'Song of Granite': Film Review
Ireland’s official foreign-language film Oscar submission is a boldly experimental portrait of Irish-language folk singer Joe Heaney and the landscape that shaped him.
If Andrei Tarkovsky had grown up in rural Ireland, he might have made a biographical cine-memoir as luminously beautiful as Song of Granite. Shot in ravishing monochrome, the second dramatic feature by documentary maker Pat Collins is a lyrical, elliptical, lightly experimental rumination on the life of folk singer Joe Heaney and the cultural hinterland that shaped him. This Irish-Quebecois co-production has been nominated as Ireland’s official submission for consideration in the foreign-language film Oscar category on account of its heavily Gaelic dialogue, with English playing a secondary role.
Collins has crafted a mesmerizing modernist memorial to ancient Celtic traditions, even if its determinedly slow pace and diffuse narrative will likely leave some viewers unsatisfied. Picked up by niche distributor Oscilloscope Laboratories, this uncompromisingly arty biopic has obvious appeal to the globally scattered Irish Diaspora and folk music connoisseurs, though fans of vintage Tarkovsky and early Terence Davies movies will also find immersive sensory pleasures here, too. Currently on limited U.S. release, Song of Granite is screening at the Film Forum in New York this week before expanding into other states next month.
Heaney is widely considered one of the 20th century’s greatest exponents of sean nós (”old style”) singing, rustic storytelling ballads performed a capella in the Gaelic language, a tradition with deep roots in the rural west and south of Ireland. Raised on the remote coastal fringes of Connemara in County Galway, he was educated in Dublin, earning a scholarship and national acclaim for his musical talents. Even so, shyness held him back from public performance until his twenties.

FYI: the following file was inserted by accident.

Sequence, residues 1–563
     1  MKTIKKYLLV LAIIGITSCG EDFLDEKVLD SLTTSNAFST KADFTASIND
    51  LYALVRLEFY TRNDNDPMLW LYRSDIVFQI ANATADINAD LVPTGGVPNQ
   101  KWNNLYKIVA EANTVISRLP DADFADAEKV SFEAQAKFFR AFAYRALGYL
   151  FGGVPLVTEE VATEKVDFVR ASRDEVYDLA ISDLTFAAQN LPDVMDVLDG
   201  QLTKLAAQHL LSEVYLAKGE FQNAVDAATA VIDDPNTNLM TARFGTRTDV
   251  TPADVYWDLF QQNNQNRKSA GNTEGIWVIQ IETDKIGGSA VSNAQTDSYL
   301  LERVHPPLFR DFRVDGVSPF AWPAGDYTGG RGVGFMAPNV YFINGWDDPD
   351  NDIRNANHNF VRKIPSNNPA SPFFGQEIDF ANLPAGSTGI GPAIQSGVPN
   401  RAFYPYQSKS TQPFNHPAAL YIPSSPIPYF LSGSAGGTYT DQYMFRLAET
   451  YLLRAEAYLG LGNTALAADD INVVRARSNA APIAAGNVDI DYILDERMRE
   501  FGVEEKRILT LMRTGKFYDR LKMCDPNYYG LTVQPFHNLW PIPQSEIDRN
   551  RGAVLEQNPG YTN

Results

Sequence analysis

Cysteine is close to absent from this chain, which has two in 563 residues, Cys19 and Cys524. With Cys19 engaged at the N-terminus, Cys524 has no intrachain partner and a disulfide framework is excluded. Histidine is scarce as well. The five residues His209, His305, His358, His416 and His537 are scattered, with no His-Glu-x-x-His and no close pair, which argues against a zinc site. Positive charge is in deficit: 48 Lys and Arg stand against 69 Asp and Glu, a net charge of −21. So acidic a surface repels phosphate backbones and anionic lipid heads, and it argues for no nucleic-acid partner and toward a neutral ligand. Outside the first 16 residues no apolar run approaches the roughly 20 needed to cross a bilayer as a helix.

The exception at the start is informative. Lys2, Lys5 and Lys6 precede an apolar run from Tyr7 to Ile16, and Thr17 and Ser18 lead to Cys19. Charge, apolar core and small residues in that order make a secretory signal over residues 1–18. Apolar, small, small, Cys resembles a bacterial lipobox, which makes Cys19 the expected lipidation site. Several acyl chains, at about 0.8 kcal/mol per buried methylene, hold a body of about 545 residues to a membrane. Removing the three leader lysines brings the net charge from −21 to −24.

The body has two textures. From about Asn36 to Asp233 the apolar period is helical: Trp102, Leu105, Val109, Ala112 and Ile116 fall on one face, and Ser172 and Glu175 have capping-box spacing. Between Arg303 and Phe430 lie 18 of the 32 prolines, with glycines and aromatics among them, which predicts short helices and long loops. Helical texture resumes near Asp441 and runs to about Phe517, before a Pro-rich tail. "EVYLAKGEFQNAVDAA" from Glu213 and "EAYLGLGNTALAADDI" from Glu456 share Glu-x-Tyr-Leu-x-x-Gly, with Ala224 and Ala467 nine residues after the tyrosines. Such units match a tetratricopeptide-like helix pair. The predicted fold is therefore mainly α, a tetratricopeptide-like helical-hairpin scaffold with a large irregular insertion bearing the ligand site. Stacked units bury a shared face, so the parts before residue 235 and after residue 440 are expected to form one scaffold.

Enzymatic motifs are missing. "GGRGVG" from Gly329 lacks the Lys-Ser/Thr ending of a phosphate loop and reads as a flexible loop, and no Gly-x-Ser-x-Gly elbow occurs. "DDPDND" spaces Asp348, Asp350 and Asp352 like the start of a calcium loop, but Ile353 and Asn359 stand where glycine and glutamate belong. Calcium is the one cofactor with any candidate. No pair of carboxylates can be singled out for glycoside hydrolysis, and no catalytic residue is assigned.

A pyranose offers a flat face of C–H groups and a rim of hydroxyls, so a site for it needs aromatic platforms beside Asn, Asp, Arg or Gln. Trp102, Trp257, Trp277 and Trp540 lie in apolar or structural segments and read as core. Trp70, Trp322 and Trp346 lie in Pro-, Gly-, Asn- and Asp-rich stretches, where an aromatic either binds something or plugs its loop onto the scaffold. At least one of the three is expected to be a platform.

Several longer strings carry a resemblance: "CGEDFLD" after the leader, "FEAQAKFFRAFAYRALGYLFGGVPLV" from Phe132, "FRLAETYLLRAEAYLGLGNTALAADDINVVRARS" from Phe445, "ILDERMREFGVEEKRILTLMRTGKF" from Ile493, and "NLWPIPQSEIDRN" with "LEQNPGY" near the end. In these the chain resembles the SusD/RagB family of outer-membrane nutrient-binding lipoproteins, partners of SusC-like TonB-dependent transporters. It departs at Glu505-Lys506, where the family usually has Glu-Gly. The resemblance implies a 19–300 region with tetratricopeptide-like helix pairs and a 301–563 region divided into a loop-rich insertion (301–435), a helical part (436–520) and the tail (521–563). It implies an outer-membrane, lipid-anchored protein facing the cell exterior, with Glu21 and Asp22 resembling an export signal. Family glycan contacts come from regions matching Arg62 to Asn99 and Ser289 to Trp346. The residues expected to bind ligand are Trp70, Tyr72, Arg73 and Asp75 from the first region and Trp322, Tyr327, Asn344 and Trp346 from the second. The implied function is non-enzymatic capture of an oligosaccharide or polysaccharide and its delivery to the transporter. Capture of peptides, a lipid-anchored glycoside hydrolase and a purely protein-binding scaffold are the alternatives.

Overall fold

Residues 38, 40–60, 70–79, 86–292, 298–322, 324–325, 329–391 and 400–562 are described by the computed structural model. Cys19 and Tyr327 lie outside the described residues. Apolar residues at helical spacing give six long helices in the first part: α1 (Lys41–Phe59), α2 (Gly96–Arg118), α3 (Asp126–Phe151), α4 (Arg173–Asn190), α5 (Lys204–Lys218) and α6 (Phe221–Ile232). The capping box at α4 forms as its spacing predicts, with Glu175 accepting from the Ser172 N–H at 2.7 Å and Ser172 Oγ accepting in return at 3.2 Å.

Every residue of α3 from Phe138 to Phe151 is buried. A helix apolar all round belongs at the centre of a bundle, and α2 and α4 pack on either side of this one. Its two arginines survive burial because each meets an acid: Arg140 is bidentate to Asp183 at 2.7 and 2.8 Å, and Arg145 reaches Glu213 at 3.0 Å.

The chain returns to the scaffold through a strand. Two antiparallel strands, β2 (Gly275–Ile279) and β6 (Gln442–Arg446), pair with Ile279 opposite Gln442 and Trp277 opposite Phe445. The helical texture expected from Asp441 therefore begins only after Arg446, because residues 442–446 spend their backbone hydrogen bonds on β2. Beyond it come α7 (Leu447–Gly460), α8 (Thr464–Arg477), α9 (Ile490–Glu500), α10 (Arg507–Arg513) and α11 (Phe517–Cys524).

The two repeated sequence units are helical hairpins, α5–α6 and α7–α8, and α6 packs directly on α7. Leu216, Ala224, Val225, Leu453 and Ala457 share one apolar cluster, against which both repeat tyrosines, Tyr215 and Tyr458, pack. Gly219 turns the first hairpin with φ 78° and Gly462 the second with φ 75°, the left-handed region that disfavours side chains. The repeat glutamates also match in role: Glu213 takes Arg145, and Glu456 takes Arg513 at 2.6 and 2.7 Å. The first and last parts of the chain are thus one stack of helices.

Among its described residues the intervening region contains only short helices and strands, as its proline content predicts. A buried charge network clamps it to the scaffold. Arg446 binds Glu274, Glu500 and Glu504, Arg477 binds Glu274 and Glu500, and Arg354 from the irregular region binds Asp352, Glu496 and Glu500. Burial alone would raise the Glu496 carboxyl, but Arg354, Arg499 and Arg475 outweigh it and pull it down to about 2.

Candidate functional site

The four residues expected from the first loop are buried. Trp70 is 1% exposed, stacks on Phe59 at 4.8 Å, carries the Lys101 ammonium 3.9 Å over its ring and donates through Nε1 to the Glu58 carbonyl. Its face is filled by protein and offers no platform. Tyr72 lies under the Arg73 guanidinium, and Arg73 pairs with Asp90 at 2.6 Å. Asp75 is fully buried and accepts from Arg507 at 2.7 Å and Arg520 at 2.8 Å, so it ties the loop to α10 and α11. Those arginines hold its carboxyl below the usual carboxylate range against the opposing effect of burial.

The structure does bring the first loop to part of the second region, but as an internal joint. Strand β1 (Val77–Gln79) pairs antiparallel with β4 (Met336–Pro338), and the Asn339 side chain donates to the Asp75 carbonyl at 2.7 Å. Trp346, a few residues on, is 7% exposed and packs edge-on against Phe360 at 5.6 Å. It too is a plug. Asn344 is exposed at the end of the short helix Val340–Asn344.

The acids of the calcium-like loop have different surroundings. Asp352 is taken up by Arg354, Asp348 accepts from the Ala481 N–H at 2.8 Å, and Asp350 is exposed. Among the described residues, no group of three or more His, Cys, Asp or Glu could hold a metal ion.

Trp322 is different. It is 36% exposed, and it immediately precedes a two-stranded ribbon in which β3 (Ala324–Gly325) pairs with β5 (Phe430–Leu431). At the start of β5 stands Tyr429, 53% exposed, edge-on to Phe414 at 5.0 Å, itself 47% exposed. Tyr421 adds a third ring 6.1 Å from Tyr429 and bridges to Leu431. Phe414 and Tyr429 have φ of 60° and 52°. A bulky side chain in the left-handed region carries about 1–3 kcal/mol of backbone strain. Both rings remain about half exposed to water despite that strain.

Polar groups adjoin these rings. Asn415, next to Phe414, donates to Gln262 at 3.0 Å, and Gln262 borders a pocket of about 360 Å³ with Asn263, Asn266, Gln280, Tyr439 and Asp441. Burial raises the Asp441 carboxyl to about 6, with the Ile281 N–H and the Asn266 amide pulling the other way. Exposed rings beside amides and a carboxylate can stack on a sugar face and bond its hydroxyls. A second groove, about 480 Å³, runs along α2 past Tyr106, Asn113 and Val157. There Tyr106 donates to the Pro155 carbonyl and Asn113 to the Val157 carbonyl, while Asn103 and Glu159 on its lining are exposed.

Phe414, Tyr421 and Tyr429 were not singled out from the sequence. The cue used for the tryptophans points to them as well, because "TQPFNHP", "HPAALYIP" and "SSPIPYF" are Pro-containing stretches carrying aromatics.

In adulthood, Heaney’s nomadic life included long spells as an itinerant laborer in London and Glasgow, abandoning a wife and family along the way. But after he was invited to play the Newport Folk Festival in Rhode Island in 1965, he settled full-time in America, first working as a doorman in New York City, then a college teacher in Connecticut. At the time of his death in 1984, he was artist-in-residence at the University of Washington in Seattle.
Viewers will glean only the barest of these biographical details from Song of Granite, which frames Heaney’s life story more like a lyrical audio-visual symphony than a linear biopic. Collins gives us a minimum of context and chronology, focusing instead on cinematographer Richard Kendrick’s gorgeous widescreen vistas of elemental Irish landscape and on full-length performances by a vocally gifted ensemble cast. Even when nobody is singing, music is an ever-present character in the film, from the steady hum and twinkle of Delphine Measroch and Guido Del Fabbro’s avant-folk score to the poetically sparse sound design by Oscar-winner Sylvain Bellemare (Arrival).
Collins casts three different actors to play Heaney: as a boy (Colm Seoighe), in adulthood (Michael O’Chonfhlaola) and in late middle age (Macdara Ó Fátharta). All are strong singers, though the bulk of the vocal duties fall to fisherman and ex-boxer O’Chonfhlaola, a feted non-professional singer in real life and owner of a strikingly gaunt, haunted face that would once have earned him a solid career in Italian neorealist cinema. In addition, Collins weaves grainy archive footage of the real Heaney into the narrative, as well as audio quotes from him and his family, though these documentary snippets are used sparingly enough not to overwhelm the main dramatized scenes. The director calls these interwoven filmic textures a “conversation across time.”
Song of Granite rigorously resists the simplistic psychology of most music-themed biopics. In a nod to his documentarian roots, Collins maintains an admirably unsentimental distance from Heaney, refusing to embroider the scrappy known facts of his life, or to mobilize the romantic mythology that often clouds Celtic screen stories. Consequently the singer remains an elusive antihero for most of the film, though there are some modest insights in the later scenes when his older self reflects ruefully on his long musical journey. As the lyrical finale looms, Collins allows himself a rare detour into magical realism with a dreamlike vision of Heaney returning to the Connemara of his boyhood, a pilgrimage he never managed in reality, dying the classic death of the Irish exile in faraway America.